Busch Gardens Tampa welcomed a pair of mongoose lemur twins earlier this month! The babies were born to mother Rosalita and father Guillermo. The gender of the new babies has not yet been determined. However, around 6-8 months, mongoose lemurs develop distinguishing characteristics based on their sex. Males start to change color and will grow a red “beard.” Females develop a white beard and have a darker face.
In the wild, mongoose lemurs are considered vulnerable of extinction. They inhabit the island of Madagascar, the native habitat of all species of lemurs. But they are unique in that they are one of two species also found outside of Madagascar, specifically on the Comoros Islands, which are located between Madagascar and Africa.
Rosalita and one of her twins.
New arrival: Mongoose lemur baby
Proud parents Rosalita and Guillermo. Did you know that mongoose lemurs make oinking sounds similar to pigs?
On March 26, Busch Gardens welcomed a new baby aardvark! The newborn currently weighs 4.8 pounds, but it is estimated to grow more than 120 pounds within its first year. The baby is being cared for by the animal care team behind the scenes at Jambo Junction. Check back at Busch Gardens’ Facebook page to find out when the little aardvark will make its public debut.
In the wild, aardvarks are solitary and elusive. They inhabit various ecosystems south of the Sahara in Africa, and they feed mainly on ants and termites. They are adept diggers, capturing their prey underground and creating burrows to rest in during the day. Because other animals use these burrows for shelter, the aardvark is considered a keystone species.
Singer and reality TV star Bret Michaels had a photo op with Busch Gardens’ own “hair rocker,” Harry the sloth, on Sunday at the Bands, Brew & BBQ festival. Harry, a two-toed sloth, is the most popular member of Busch Gardens’ Animal Ambassadors team.
In the wild, sloths inhabit the rainforests of Central and South America. They have a symbiotic relationship with algae, which grows on their fur. The green tint of the algae helps camouflage the sloths among the trees.
The first baby giraffe of 2012 was born at Busch Gardens. The female giraffe calf measures 6 feet 2 inches tall and weighs 176 pounds. She and her mother are currently being monitored by zoo staff. They will rejoin the herd in three months.
Busch Gardens welcomed a new female giraffe to their herd.
Slurp! The newborn giraffe gets a nice cleaning by her mother.
Just a newborn, the female giraffe measures 6 feet 2 inches tall!
To learn more about giraffes, see Animal Fact Guide’s article: Giraffe.
A new female baby giraffe arrived on Tuesday, December 27 at Busch Gardens Tampa Bay. The newborn measures 5 feet 7 inches and weighs 127 pounds. She was born to father Jafari and mother Tesa. Tesa and the calf will be monitored for three months before joining the other free-roaming animals on Busch Gardens’ 65-acre Serengeti Plain habitat.
Ok, so cheetahs don’t actually eat pumpkins. (They are strict carnivores.) But the zookeepers at Busch Gardens provided some pumpkins for the cheetahs to investigate for some Halloween-themed fun. New sights and smells provide enrichment to animals, keeping them engaged and stimulated.
A female eland antelope calf was born Monday at Busch Gardens, Tampa Bay. The calf weighs 50 pounds currently but will eventually grow to be around 1000 pounds as an adult. Eland are the largest of the antelope species.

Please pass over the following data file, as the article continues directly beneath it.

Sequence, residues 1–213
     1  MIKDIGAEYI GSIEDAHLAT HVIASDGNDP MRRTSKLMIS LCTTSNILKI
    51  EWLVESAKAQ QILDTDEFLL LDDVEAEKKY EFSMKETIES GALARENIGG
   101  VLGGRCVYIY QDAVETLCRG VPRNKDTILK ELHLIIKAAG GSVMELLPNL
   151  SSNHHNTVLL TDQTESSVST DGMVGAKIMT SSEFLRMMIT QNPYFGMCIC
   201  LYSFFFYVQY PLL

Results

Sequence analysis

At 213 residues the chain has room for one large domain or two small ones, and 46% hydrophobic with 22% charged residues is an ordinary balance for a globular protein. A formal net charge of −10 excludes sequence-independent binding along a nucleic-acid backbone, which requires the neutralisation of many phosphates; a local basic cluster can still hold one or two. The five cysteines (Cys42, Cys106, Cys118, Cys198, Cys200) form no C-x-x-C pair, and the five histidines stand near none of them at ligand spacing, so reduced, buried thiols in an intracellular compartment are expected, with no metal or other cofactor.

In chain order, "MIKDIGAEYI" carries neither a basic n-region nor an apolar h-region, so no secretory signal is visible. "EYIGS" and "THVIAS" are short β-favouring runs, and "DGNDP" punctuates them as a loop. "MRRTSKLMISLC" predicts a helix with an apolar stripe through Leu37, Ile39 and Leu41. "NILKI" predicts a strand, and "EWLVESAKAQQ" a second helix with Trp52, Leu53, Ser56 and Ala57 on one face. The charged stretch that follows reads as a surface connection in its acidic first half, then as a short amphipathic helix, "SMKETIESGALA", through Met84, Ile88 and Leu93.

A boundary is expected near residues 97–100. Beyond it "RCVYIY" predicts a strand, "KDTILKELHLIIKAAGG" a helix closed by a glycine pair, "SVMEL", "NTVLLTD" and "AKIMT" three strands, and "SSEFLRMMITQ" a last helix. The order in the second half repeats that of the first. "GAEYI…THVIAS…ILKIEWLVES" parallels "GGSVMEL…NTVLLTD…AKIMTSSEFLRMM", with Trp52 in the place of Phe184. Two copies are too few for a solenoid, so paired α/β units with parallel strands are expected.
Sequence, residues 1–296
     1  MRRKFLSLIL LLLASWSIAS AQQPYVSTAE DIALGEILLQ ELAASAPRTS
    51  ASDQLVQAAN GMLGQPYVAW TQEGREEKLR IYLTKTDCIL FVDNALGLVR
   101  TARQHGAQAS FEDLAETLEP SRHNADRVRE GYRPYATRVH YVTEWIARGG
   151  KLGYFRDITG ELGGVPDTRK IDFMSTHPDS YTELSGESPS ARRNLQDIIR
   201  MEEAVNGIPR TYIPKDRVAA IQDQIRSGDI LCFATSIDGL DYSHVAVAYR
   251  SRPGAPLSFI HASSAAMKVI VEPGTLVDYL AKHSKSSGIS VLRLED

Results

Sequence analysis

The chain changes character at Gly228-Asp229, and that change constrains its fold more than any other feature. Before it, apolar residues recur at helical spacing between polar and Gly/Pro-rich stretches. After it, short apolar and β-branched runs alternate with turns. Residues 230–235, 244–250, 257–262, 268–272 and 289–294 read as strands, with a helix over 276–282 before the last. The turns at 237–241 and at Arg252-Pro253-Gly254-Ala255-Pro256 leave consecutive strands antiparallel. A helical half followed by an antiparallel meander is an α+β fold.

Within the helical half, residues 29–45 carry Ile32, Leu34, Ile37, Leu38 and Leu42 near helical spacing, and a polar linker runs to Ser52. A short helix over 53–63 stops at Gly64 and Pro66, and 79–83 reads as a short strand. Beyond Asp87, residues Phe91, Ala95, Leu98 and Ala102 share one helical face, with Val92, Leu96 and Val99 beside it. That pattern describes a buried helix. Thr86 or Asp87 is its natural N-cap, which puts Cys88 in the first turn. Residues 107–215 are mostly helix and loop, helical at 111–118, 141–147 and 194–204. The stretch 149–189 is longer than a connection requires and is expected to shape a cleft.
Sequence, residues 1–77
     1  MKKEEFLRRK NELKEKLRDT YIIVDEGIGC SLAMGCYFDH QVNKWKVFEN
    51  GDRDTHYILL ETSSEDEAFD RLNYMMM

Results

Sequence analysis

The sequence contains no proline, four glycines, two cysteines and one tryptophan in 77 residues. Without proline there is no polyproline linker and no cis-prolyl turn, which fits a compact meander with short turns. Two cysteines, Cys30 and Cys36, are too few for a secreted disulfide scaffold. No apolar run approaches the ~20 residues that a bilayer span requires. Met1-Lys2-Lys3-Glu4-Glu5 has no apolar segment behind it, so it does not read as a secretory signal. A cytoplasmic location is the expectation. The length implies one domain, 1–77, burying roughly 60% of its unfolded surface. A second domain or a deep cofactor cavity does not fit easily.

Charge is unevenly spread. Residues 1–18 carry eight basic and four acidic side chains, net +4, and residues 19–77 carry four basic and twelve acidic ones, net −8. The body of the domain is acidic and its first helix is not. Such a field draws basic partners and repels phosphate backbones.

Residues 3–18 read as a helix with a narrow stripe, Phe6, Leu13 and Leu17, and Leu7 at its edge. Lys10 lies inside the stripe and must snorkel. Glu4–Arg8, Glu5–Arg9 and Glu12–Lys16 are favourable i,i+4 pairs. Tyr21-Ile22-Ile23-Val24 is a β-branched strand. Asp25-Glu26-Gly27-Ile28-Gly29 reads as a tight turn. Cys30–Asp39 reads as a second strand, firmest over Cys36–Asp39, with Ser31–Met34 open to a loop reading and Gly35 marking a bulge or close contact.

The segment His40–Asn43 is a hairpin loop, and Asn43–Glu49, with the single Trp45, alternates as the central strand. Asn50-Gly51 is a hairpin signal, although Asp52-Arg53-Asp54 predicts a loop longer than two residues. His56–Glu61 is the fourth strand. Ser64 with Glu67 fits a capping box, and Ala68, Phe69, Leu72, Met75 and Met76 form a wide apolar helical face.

Eland can jump 8-10 feet in the air. At around 2 years old, eland grow thick, spiraling horns that can reach 3-4 feet long.
In the wild, eland inhabit savannah woodlands of southern Africa. They are not considered vulnerable of extinction by the IUCN Redlist.
A baby aardvark born April 10 made his public debut April 29 at the Jambo Junction in Busch Gardens. Photo provided by Busch Gardens.
On April 10th, a male baby aardvark was born at Busch Gardens, Tampa. Visitors can sneak a peak at the new cub at Jambo Junction, located in the Nairobi section of the park.
In the wild, aardvarks are solitary and quite elusive. But their range spans all of Africa south of the Sahara, and they are listed a species of least concern of becoming endangered by the IUCN Redlist. They eat ants and termites.
Starting today guests at Busch Gardens in Tampa, Florida will get to see an unlikely pair – a cheetah cub and a yellow Labrador puppy. The 8-week-old cheetah was taken in last month because his mother was unable to care for him. Last week the animal care team decided on the 16-week-old puppy as a companion. The two will live together in Jambo Junction, a part of the Nairobi area of the park.
The park has opened a poll on their Facebook page to allow voting on what to the name the pair. Voting ends on Monday, April 18.
UPDATE: The cheetah cub has been named Kasi, which is Swahili for “one with speed.”
The animal care team at Busch Gardens in Tampa, Fl is busy these days caring for a four week old cheetah cub. The cheetah was born at another zoo and his mother was unable to care for him. The decision was made to hand-raise him and so far it’s been successful. The little guy now weighs over 2 lbs. and is growing stronger each day.
Once he is big enough he’ll join other cheetahs at the park and will one day play a role breeding program to help increase the population of these endangered animals.
Busch Gardens supports the conservation of and education about cheetahs through the SeaWorld & Busch Gardens Conservation Fund, which has donated nearly $100,000 to cheetah efforts in Africa since 2005 and also helps fund conservation programs for white rhinos, marine animals and many other species around the world.